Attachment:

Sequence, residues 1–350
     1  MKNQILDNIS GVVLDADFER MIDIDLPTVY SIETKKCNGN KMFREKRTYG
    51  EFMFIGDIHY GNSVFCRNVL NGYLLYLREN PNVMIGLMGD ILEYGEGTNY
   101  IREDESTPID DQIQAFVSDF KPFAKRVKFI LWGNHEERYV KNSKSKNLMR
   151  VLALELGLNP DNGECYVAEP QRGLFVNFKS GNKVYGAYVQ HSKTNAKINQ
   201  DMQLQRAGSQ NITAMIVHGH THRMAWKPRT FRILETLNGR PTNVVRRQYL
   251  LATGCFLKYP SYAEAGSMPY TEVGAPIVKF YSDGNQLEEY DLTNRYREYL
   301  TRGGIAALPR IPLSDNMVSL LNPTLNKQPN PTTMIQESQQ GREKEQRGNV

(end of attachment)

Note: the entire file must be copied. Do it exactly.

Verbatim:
Sequence, residues 1–350
     1  MKNQILDNIS GVVLDADFER MIDIDLPTVY SIETKKCNGN KMFREKRTYG
    51  EFMFIGDIHY GNSVFCRNVL NGYLLYLREN PNVMIGLMGD ILEYGEGTNY
   101  IREDESTPID DQIQAFVSDF KPFAKRVKFI LWGNHEERYV KNSKSKNLMR
   151  VLALELGLNP DNGECYVAEP QRGLFVNFKS GNKVYGAYVQ HSKTNAKINQ
   201  DMQLQRAGSQ NITAMIVHGH THRMAWKPRT FRILETLNGR PTNVVRRQYL
   251  LATGCFLKYP SYAEAGSMPY TEVGAPIVKF YSDGNQLEEY DLTNRYREYL
   301  TRGGIAALPR IPLSDNMVSL LNPTLNKQPN PTTMIQESQQ GREKEQRGNV